You Didn’t Get the Job. Now What?

by Sharon Elber

Follow-Up After Job Application Rejection

Unfortunately, most job searches usually include dealing with the rejection of a few employers along the way, particularly as you advance on your career path. While it might be tempting to just ignore it and "move on" after an interview fails to land your dream job, you may be missing an important opportunity.

Sending a follow up letter after you have been declined for a new job is not required, and many people don’t do it. That is one reason why it is such a valuable chance to stand out. Remember, you are not the only candidate that didn’t get the job, but you may be the only candidate that politely follows up after the fact.

Sending a follow up after you didn’t get the job demonstrates:

  • The ability to engage in a professional manor, even when it’s hard.
  • Sincerity about your interest in one day working for the company.
  • A desire to learn from your experiences to continually grow professionally.
  • A willingness to look at your weaknesses in order to improve moving forward.
  • Your openness to be considered for future positions, with no hard feelings.

These are all admirable qualities to have in an employee and coworker. A follow up letter is a chance to demonstrate these character assets, not just say them. If the same HR people are handling the hire for the next job that is also a fit for your skills and experience, they are much more likely to remember your name, giving you a valuable edge.

Tips for Writing a Follow Up Letter After a Rejection for a Job

Following are some tips to keep in mind as you write your follow up letter:

1) Keep a Positive Tone

While it is appropriate to express disappointment that another candidate was selected, don’t dwell on that. Only one sentence in your entire letter should convey this simple and obvious fact.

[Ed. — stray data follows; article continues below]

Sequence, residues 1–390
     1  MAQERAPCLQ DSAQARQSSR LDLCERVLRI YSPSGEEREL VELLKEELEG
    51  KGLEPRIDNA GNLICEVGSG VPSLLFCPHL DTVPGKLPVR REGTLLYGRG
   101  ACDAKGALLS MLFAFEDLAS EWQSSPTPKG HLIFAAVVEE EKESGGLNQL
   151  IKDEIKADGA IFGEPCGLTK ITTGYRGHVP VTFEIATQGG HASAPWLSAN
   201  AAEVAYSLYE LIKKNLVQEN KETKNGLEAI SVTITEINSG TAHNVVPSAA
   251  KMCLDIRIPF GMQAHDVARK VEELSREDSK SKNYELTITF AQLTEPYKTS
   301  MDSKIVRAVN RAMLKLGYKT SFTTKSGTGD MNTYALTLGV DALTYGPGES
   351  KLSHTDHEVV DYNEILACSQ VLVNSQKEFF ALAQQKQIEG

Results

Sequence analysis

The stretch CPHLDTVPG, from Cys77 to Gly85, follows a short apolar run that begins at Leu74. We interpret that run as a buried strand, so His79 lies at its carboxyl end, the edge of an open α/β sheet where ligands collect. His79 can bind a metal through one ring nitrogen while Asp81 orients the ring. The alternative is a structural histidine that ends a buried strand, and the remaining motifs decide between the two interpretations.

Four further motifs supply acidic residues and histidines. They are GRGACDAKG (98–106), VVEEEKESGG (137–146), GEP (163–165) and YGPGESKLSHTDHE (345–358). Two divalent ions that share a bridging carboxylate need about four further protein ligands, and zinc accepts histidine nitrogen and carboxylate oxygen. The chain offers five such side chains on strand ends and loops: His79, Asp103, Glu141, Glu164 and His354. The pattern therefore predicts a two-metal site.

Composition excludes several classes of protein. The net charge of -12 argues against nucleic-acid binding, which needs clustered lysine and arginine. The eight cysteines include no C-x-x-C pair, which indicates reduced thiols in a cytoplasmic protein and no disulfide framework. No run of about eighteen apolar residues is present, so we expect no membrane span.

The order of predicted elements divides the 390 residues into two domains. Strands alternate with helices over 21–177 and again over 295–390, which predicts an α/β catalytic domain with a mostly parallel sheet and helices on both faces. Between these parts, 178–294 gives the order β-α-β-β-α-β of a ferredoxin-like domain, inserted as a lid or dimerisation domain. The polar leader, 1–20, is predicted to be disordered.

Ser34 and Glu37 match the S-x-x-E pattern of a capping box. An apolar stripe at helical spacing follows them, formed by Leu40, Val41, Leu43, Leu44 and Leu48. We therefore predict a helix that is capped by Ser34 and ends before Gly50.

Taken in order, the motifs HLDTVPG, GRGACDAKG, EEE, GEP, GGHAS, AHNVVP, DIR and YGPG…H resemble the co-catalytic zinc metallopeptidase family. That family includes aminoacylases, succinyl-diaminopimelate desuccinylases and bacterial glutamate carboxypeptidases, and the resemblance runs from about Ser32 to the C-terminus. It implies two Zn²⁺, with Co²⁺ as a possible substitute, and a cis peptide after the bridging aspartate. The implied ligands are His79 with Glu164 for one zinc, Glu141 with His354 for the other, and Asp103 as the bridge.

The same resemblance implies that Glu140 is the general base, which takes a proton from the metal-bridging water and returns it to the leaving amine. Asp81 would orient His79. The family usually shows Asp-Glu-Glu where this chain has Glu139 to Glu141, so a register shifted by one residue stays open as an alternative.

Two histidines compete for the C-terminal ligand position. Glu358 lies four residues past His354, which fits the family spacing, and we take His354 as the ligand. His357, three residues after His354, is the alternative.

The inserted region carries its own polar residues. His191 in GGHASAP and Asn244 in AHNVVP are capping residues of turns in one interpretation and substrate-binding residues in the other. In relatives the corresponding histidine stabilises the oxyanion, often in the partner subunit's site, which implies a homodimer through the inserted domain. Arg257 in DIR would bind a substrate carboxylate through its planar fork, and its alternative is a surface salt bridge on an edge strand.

Instead, use the space in your letter to reiterate your interest in the company or the specific project that you applied for and express your gratitude for the warm welcome you received from the interview staff or others you interacted with during your visit.

2) Mention Something Specific from the Interview

One of your goals with the follow up letter is to be remembered and another is to reiterate your interest in the company and the specific project you interviewed for, demonstrating sincerity.

By including one sentence harkening back to a positive moment in the interview with some detail that came up in the conversation, you are getting two birds with one stone.

For example:

It was truly my pleasure to meet the team working on the Dog Adoption Project. The story that Lucy shared about her dog Jumper really drove home the critical role your organization is playing in serving special needs canines in the community, a cause that I am particularly passionate about.

3) Keep the Door Open

Your follow up letter should encourage the recipient to keep you in mind for similar projects in the future. Make sure you include contact information on your letterhead.

Remember, you made the short list by getting the interview in the first place, so the odds are good that your qualifications are in order. By letting the interviewer know that you are open to future opportunities, you will keep your foot in the door.

4) Ask for Feedback